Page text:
Next up will be a 180-panel installation on the Student Recreation Center, which is expected to start Oct. 1 and wrap up in November. That array, with a 63 kilowatt capacity, is funded by the combined SRC and Lithia Motors Pavilion construction project. The power it produces will be fed directly into the SRC, reducing the building’s utility bills.

The third project will be at the university’s Hannon Library, where 159 panels with a generating capacity of 55.65 kilowatts will be installed in the late fall and early winter. That array will be funded by the Associated Students of Southern Oregon University’s Green Fund, and the student government organization will be paid by the university for the electrical power that will be fed directly into the library.

“The solar (array) being installed on the library is especially exciting because it’s made possible through a unique funding model proposed by SOU students,” Beigel-Coryell said. “This project, funded by SOU students, will provide the university with more renewable energy generation while providing the student Green Fund with revenue each year to fund more sustainable projects on campus.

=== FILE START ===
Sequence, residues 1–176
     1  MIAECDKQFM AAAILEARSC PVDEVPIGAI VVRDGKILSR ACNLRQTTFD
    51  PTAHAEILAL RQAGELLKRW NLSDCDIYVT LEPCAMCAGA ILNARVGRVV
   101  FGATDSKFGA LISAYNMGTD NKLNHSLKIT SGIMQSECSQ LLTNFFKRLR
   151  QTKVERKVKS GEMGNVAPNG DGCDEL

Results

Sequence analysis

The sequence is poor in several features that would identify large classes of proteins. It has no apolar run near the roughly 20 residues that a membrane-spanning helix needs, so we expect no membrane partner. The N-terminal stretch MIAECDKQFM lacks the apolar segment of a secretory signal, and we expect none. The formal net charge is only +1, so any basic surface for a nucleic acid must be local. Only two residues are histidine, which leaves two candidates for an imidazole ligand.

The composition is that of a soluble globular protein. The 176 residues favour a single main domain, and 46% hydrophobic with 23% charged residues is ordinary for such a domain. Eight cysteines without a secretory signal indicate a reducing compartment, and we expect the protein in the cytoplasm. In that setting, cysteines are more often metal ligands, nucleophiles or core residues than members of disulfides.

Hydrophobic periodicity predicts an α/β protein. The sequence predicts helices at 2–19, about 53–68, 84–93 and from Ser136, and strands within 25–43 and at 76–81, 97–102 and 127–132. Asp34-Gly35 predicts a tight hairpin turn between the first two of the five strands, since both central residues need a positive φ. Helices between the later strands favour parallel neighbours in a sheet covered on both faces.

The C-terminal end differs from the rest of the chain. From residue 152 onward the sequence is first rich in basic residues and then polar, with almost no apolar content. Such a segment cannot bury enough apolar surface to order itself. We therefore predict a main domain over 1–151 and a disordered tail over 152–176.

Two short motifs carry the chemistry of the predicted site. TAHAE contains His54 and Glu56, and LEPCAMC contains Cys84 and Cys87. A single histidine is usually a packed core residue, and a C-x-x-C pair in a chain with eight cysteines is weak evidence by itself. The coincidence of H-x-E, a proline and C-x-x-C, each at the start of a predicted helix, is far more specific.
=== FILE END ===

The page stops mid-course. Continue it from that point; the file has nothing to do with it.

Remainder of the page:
“We haven’t seen this particular funding structure used on any campuses yet and we hope to serve as a model for other schools to leverage available resources to implement renewable energy projects and provide revenue for sustainable solutions.”

SOU’s first solar installation was a 24-panel, 6 kilowatt array that was placed on Hannon Library in 2000 and it still generating electricity at 70 to 80 percent efficiency. The university also has arrays on the Higher Education Center in Medford (56 kilowatts), the Stevenson Union (31.59 kilowatts), and the McLoughlin (73.7 kilowatts) and Shasta (82.5 kilowatts) residence halls.